A recent survey found that digital marketers are feeling “overwhelmed”. Is this the case? Why is this the case? And what can be done about it?
First, lets examine the data as it was presented through the survey to ensure we are interpreting it correctly. The results are presented as a lovely infographic, – a display format that is a growing cliché but also problematic due to the manner in which the graphical presentation can further skew interpretation of data that may already be suspect. The first thing to look for is the “N” (number of participants surveyed or sample size) to determine statistical relevance. We need to see at least 300 or so participants to see real relevance (margin of error below about 5%). Unfortunately this survey does not appear to provide the N. Let’s assume the data is at least reflective of the opinions of some influential marketers and you can use your own experience as to whether you agree with their findings or not.
Are We “Overwhelmed”?
At BBS, “overwhelmed” might be a strong word for our feelings but we do constantly see that an amazing amount of new things happen in digital in a very short time. There are quite a few smart companies and smart people creating and sharing their work and it really is impossible to keep up with all of it in real time. In fact quite early in the world of digital (circa 1999), companies created dedicated research and competitive intelligence roles devoted solely to keeping up with digital development. Consultants continue to prosper and grow their businesses teaching their clients the skills that they themselves learned just last week. Things move faster in digital than is possible in many other media. We have to know where to look.
It’s all a Gaussian Blur
With this blur of motion and information, we would have to say that the first critical skill in the digital space is being able to decide where to focus the inherently limited time and talent that you have. Do you need to be chasing Snapchat tweens, re-Tweeting what Mylie Cyrus was doing last week, or working on your 8th Facebook app? We won’t make any assumptions about your business nor any direct recommendations here, but we have seen quite a bit of confusion about social media in general and the relative strengths and demographic targets (or perhaps another infographic) of each platform. We think social media is actually a likely culprit in the process of “digital overwhelmament” (or whatever you’d like to call this syndrome).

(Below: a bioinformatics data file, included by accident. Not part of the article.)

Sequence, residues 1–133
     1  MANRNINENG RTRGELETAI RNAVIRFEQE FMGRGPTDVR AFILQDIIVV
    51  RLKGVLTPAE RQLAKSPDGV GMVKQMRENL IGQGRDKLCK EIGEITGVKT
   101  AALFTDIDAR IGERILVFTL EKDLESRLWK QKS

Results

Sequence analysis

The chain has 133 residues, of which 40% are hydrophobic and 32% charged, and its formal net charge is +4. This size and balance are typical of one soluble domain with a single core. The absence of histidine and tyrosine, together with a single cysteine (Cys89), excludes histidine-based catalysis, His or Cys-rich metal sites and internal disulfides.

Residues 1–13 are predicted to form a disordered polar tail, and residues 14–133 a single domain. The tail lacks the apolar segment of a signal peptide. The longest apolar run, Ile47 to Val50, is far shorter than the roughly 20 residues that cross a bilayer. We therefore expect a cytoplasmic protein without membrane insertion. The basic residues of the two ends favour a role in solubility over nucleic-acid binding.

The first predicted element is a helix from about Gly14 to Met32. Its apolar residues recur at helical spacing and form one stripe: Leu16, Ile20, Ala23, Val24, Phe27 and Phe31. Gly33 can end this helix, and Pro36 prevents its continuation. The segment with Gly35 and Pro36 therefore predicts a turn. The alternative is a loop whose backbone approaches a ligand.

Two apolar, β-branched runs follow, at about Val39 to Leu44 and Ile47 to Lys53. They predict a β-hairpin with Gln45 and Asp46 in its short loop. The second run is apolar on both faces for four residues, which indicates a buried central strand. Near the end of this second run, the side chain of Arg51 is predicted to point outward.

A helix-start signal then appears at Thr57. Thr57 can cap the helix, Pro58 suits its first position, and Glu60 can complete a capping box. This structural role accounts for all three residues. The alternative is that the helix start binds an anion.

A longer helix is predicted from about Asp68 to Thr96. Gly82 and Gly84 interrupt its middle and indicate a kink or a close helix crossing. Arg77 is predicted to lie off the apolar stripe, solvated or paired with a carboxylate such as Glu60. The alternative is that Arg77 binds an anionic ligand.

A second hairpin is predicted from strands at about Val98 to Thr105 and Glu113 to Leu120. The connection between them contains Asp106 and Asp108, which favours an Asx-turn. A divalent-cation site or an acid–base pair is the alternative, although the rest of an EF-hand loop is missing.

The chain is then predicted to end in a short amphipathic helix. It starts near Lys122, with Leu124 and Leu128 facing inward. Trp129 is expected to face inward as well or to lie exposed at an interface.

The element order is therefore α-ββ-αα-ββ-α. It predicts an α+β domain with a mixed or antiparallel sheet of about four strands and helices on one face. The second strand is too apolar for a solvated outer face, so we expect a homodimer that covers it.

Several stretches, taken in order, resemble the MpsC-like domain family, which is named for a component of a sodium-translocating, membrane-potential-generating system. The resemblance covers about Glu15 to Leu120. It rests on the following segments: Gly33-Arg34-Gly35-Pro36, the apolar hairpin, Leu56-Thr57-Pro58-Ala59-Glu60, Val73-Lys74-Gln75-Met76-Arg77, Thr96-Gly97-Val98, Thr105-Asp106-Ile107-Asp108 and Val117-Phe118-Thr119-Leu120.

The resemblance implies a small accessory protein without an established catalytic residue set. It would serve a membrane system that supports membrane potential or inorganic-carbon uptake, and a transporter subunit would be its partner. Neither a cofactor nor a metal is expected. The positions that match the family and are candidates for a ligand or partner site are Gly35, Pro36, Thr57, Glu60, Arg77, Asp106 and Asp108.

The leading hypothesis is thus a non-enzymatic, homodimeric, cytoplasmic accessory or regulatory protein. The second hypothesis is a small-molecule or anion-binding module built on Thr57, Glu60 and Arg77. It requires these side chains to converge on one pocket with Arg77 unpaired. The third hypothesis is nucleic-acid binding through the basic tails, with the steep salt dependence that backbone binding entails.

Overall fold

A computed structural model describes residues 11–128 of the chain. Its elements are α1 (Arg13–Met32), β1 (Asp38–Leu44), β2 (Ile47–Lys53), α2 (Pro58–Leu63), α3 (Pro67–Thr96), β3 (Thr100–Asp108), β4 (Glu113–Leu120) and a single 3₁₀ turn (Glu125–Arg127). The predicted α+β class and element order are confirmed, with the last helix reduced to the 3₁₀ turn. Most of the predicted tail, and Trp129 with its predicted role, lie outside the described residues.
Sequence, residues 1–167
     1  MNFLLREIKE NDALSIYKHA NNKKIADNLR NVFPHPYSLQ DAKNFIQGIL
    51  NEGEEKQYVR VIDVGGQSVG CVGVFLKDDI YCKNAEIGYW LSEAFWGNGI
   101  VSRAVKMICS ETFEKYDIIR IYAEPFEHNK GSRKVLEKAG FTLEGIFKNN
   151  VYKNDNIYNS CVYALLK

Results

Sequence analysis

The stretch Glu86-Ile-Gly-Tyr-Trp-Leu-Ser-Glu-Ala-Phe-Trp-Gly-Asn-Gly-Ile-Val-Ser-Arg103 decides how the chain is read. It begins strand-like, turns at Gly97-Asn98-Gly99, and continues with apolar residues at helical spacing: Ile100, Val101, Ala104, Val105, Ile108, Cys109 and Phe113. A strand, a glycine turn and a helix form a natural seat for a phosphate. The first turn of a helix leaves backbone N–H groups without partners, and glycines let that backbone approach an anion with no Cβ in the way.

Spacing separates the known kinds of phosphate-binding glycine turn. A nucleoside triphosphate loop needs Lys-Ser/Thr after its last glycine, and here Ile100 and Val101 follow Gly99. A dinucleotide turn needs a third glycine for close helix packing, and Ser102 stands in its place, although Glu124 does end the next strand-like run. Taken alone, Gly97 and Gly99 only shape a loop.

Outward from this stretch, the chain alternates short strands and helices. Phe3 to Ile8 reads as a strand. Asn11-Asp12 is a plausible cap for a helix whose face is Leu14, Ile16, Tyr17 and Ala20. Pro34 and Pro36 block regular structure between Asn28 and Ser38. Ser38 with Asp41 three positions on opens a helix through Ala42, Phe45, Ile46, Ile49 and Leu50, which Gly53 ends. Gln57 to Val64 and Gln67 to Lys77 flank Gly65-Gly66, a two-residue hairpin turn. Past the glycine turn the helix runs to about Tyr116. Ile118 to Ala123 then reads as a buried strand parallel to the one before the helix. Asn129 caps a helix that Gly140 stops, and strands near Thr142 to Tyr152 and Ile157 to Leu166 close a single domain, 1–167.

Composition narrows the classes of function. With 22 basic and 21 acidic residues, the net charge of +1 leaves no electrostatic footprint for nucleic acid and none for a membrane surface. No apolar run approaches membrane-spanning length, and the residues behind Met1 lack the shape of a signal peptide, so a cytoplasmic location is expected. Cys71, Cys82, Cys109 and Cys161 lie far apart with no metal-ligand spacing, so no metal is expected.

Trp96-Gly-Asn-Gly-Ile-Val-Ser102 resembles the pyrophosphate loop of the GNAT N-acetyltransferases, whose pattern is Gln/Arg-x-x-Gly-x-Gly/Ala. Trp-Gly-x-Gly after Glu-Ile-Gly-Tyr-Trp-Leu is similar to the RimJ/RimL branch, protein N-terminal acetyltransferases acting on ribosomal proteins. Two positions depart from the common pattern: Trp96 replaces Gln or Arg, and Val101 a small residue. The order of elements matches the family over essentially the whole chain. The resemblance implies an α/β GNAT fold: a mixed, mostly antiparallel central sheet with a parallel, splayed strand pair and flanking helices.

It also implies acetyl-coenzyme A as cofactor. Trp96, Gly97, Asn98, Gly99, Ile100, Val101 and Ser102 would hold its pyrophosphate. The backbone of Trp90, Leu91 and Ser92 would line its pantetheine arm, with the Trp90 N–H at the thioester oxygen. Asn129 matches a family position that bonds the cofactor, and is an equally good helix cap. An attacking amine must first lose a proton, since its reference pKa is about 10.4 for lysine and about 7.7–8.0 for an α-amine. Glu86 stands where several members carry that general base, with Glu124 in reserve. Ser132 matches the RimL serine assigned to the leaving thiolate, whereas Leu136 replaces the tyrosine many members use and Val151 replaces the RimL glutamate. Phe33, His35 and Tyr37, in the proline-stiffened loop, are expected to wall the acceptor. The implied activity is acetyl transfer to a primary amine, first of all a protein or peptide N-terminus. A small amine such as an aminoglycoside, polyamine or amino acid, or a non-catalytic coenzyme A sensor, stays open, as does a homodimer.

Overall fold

Who moved my status update about cheese?
The rate of change in digital is what we think is the core issue. Digital itself was a hard adjustment for many businesses and marketers. Email marketing, search engine optimization, pay-per-click, search engine marketing – these were all unsettling to a degree but have been around long enough now that they feel comfortable and familiar. Instragram, Pinterest, Tumblr and the 150 million blogs out there are less familiar in 2013. And the rate at which these new services pop up and catch fire is not abating. Think of how old MySpace feels (even though they are working on a comeback…). The history of online media is amazingly compressed even today. How can we mentally cope with the fact that something new seems to be available to us as marketers daily?
At BBS, we find that our clients who are most successful commit appropriately to the platforms for which they have sufficient resources. That means creating content, responding to customers, creating internal governance and messaging review bodies, really trying to be consistent and responsive. They realize they can’t boil the ocean. But they also experiment. They are constantly trying smaller projects in other venues and in new ways to stay with the curve if not ahead of it. They are smart enough to apply a strategy that allows for both solid support for the core of their market and investigative forays to see what else can be done. They can dial up or down the experiments as their resources and budgets allow. And they can buy the more experimental services aggressively to maximize the potential value in the non-core channels. Agencies love to push new boundaries and tell great stories. Both clients and agencies win when they can truly tout innovative approaches to real time marketing challenges. It is an investment on both sides that transcends the project dollar cost.
At BBS, we like to see our clients go from a potential “overwhelmed” state to a place where they can use the volatility of the digital medium to drive even better value-creation for their business. You may see a looming cloud but we think it may have a silver lining.